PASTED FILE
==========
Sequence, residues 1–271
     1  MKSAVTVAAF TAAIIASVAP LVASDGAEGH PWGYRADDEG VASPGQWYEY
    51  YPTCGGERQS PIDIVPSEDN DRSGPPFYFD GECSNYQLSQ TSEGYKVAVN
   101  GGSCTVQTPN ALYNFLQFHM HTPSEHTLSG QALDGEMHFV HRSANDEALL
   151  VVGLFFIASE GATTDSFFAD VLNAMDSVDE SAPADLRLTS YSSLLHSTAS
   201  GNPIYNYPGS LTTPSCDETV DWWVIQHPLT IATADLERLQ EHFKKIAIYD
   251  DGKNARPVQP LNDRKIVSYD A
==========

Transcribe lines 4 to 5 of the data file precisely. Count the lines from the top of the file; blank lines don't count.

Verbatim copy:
   101  GGSCTVQTPN ALYNFLQFHM HTPSEHTLSG QALDGEMHFV HRSANDEALL
   151  VVGLFFIASE GATTDSFFAD VLNAMDSVDE SAPADLRLTS YSSLLHSTAS